A coil L1 and a high frequency switch T1 are connected in parallel with the diode pairs of the full-wave rectifier. The first terminal of the coil L1 is connected to the positive side 12 of the full-wave rectifier, whereas the second terminal of said coil is connected to the high frequency switch T1. In the illustrated embodiment the high frequency switch is comprised of a transistor, although it will be understood that a component having corresponding properties may alternatively be used. In the illustrated case, the second terminal of the coil is connected to the transistor drain. The transistor is connected to the negative side 11 of the full-wave rectifier. The transistor gate and transistor source are connected to a control means, not shown in the Figure. Two diodes D5, D6 and two capacitors C1, C2 are connected in parallel with the transistor T1. The anode of the fifth diode D5 is connected to the second terminal of the coil L1. The cathode of the sixth diode D6 is connected to the negative side of the full-wave rectifier and also to the transistor source. Two series-coupled capacitors C1 and C2 are connected between the cathode of diode D5 and the anode of diode D6.

One side of a switch S is connected to the connecting line between the diodes of one of the diode pairs D1, D3 or D2, D4 of the full-wave rectifier. The other side of the switch is connected between the connecting line to the capacitors C1 and C2. The switch S of this embodiment switches between two different states, depending on the network alternating voltage to which the circuit is connected, said switch preferably switching automatically between said two states in accordance with methods well known in this field.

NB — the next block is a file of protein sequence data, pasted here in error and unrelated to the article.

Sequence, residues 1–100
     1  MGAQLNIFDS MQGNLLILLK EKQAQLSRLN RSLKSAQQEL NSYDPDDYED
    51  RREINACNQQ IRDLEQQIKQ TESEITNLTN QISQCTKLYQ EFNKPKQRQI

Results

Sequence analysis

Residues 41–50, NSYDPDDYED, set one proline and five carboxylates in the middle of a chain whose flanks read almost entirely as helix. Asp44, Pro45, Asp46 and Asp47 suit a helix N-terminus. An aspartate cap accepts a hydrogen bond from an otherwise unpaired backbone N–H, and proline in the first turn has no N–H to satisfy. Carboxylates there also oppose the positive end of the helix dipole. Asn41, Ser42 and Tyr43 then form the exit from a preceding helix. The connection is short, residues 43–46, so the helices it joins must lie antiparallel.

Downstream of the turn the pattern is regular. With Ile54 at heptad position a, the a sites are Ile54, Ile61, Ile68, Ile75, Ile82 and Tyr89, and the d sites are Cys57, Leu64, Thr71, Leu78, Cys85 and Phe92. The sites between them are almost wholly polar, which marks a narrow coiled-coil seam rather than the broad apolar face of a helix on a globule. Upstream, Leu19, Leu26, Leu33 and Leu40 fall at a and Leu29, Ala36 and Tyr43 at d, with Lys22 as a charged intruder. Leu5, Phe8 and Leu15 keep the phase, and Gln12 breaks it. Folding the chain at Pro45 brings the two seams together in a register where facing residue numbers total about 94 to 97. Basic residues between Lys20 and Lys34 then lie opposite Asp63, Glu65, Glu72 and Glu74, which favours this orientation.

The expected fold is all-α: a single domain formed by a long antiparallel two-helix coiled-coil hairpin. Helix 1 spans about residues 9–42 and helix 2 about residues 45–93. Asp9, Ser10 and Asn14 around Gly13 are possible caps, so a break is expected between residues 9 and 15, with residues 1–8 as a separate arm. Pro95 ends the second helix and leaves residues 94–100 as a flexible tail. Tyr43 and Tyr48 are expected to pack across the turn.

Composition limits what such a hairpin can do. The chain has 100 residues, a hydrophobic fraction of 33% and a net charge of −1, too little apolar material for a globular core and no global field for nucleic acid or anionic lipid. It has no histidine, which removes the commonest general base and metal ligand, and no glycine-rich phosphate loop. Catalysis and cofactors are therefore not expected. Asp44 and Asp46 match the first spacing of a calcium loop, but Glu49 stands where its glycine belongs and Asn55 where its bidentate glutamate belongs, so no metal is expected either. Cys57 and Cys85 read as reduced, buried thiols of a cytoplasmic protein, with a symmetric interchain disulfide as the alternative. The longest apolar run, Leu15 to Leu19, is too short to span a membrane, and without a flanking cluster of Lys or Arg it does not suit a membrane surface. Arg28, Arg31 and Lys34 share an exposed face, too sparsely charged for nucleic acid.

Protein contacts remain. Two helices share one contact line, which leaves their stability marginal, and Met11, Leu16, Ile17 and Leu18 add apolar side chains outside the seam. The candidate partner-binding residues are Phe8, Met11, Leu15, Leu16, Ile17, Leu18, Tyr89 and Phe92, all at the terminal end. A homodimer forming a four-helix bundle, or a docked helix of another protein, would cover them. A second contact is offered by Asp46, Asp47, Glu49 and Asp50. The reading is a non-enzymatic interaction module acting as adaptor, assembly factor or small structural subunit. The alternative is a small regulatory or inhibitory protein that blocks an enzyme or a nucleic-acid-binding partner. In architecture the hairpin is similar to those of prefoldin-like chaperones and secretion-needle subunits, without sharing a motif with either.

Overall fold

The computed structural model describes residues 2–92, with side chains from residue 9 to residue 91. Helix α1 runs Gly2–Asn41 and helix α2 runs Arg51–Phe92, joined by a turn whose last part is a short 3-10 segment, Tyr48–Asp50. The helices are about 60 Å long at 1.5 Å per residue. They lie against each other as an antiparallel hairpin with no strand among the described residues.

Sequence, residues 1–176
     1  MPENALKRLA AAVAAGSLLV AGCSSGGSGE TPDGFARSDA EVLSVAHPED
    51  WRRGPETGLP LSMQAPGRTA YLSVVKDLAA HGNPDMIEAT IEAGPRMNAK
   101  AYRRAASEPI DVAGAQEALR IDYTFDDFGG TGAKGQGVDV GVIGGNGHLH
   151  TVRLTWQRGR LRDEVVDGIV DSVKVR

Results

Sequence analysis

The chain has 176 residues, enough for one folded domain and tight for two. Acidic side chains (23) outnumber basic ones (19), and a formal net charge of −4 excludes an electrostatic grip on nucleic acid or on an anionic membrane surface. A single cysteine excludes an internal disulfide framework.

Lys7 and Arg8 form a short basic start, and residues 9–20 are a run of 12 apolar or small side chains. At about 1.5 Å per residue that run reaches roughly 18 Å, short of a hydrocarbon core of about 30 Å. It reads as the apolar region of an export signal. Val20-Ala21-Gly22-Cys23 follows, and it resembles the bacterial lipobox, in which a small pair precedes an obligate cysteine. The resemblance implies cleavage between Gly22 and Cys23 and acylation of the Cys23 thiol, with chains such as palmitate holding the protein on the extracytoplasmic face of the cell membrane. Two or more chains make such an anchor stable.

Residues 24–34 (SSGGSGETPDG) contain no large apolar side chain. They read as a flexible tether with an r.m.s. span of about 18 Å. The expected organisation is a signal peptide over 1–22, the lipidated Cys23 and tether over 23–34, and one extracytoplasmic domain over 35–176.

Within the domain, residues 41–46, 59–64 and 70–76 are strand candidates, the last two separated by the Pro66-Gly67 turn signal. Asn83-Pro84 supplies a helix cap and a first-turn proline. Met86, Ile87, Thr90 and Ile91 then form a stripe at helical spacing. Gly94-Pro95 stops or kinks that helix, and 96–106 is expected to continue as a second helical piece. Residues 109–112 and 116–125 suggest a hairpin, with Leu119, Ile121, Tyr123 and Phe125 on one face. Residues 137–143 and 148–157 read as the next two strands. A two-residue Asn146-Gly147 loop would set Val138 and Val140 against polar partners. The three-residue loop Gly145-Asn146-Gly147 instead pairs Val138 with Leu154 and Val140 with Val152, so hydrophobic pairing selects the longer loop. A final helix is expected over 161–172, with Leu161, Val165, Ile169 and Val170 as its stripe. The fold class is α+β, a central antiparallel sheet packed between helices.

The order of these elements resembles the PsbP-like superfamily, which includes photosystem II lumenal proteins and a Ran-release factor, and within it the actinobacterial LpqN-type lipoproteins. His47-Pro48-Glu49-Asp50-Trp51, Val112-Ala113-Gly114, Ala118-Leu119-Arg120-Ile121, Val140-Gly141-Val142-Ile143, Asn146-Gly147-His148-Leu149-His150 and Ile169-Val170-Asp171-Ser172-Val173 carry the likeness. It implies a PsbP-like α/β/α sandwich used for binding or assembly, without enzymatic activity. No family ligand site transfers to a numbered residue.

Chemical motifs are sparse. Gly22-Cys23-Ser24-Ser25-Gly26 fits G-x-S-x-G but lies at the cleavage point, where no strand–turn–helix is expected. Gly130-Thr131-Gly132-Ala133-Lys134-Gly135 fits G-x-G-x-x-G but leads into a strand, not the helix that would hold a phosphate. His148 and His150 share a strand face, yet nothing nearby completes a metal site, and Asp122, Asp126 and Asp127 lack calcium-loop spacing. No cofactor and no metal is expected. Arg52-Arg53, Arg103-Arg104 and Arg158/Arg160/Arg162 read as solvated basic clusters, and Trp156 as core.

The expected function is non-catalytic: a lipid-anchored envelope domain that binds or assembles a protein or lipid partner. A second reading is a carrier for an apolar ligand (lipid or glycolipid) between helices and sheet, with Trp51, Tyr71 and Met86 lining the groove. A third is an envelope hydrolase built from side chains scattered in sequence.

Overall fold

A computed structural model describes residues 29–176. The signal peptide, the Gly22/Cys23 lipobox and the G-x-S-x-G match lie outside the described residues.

A pump of this kind will normally be dimensioned to charge a capacitor (C1+C2) to the same voltage as at 220V even when the input voltage is 110V. The disadvantage with a pump of this kind is that it is necessary to convert a large amount of energy and that the pump is commensurably large and expensive. Such pumps also have a low efficiency. The most energy is transferred at the top of the sinusoidal curve.

The inventive switchable pump converts the same amount of energy in the case of 110V as in the case of 220V. Only a small amount of energy is transferred at the top of the sinusoidal curve, as in the case of 220V, but since this energy is taken from 110V via D2/D3 or D1/D4, the current must be twice as high, which is achieved by increasing the conducting time of T1 to an appropriate value.

The electric circuit illustrated in FIG. 1 will also operate without the coil L2, although this will somewhat impair the performance of the circuit. The electric circuit may also include at least one current restricting resistor. The resistor may be placed with its one connection end between the cathode of the diode D6 and the second terminal of the coil L2. The other connection end of the resistor may be connected to the transistor T1.

FIG. 3 illustrates an example of the modus operandi of the pump and shows the configuration of the rectified voltage in the low boost mode of the circuit in FIG. 1.

It will be understood that the invention is not restricted to the aforedescribed and illustrated embodiments thereof and that modifications can be made within the scope of the following Claims.

Patent Citations
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Referenced by
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US6307359 *Jul 11, 2000Oct 23, 2001Nec CorporationDC-DC converter powered by doubled output voltage